The World Film Premier Of The Prisoner
In 1967 The Prisoner enjoyed a premier in
The 'Rushes', deveolped and untitled film of the Prisoner shot on the previous day at Portmeirion were then screened at the Coliseum Cinema in the nearby Town of
. This allowed the production team to judge their early footage, the silent footage of which was screened by the Coliseum projectionist Bob Piercy every night, including weekends, throughout the four week period. And Bob Piercy would again be employed to screen the 'Rushes' when the film crew paid their second visit to Portmeirion. Portmadog
The film crew would sit in the front stalls, joined sometimes by local extras who had appeared in the filming. Each day's filming was usually in the region of 5 to 8 minutes long. When it was finished it was sometime run again, and members of the film crew would watch it seven or eight times, which took anywhere between 15 minutes to 2 hours. Screening of the 'Rushes' began about , which sometimes meant that the cinema would not be vacated until around . Patrick McGoohan would sometimes nip out to the public house and would take little Angelo Muscat-the butler, up to the projection room and ask if he could be left there. And Angelo would sit in a high chair looking out through the projection hole at the film.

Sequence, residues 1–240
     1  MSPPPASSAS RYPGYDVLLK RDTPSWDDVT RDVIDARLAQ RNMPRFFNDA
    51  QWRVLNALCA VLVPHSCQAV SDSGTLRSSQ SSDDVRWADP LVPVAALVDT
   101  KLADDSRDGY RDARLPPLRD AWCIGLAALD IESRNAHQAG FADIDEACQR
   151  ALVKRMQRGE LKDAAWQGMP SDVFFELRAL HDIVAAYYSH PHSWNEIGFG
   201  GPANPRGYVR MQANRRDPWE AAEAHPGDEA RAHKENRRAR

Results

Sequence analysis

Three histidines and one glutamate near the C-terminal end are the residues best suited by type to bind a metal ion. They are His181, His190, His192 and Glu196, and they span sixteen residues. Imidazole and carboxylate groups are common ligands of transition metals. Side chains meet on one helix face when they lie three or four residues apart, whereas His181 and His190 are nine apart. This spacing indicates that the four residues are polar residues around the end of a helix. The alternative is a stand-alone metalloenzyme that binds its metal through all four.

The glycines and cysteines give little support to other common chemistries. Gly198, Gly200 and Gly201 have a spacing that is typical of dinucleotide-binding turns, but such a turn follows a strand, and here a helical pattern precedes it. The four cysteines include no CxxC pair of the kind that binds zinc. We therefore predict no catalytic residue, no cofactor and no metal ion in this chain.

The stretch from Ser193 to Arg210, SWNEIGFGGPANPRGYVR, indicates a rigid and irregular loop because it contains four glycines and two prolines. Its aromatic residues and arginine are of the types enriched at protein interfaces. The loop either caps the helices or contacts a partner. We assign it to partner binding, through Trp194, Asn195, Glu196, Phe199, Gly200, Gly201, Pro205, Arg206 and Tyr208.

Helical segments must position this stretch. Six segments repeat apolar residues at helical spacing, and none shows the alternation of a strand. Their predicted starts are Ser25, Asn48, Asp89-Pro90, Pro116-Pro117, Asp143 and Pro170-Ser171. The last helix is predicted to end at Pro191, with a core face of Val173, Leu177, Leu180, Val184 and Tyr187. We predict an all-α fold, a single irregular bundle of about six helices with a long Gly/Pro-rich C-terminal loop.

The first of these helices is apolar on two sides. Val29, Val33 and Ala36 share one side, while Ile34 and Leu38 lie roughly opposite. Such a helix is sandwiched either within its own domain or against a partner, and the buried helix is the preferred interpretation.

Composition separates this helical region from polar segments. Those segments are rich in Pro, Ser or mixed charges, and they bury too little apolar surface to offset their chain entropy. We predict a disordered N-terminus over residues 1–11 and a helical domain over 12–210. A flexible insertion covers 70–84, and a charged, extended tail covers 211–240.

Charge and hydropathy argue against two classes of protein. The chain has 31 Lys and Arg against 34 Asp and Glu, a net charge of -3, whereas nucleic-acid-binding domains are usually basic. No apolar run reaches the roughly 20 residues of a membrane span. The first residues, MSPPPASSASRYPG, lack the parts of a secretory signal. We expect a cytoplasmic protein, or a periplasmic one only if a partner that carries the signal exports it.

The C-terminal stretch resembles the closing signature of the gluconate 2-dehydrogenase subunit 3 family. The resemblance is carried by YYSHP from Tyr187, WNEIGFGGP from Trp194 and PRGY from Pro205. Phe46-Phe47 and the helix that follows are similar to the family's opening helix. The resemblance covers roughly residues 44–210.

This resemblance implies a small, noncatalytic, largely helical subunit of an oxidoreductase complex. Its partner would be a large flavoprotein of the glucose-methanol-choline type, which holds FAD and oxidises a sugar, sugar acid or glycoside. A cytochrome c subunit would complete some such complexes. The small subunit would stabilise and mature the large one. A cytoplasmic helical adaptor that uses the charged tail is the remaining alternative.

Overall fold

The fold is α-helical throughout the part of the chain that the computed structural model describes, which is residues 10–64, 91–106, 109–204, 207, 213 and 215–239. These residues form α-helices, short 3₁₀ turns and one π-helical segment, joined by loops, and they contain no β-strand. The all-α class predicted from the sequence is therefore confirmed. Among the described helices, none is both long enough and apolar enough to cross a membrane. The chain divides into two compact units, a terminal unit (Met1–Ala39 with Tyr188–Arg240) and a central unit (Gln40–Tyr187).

The highlight for projectionist Bob Piercy, was when Sir Clough Williams-Ellis the architect and owner of Portmeirion, organised a preview of Arrival. Although the Coliseum only had a six day licence, and was not officially allowed to show films on a Sunday, they went ahead and did so anyway. This was without too much concern, as the Chief Constable of Caernarfon was one of the invited guests! It was a great success for Bob Piercy, and it was confirmed that this was the first showing of the Prisoner anywhere. Indeed there was a note on the film canister saying something of like "Don't scratch this print as it is the only copy." Projectionist Bob Piercy had to clean the projector first and put Vaseline on all the moving parts.
As a footnote, many locals were employed as film extras for the Prisoner, one of whom was employed to retrieve the white balloons of the village guardian when they went astray. Projectionist Bob Piercy's son was employed as a double for Patrick McGoohan.
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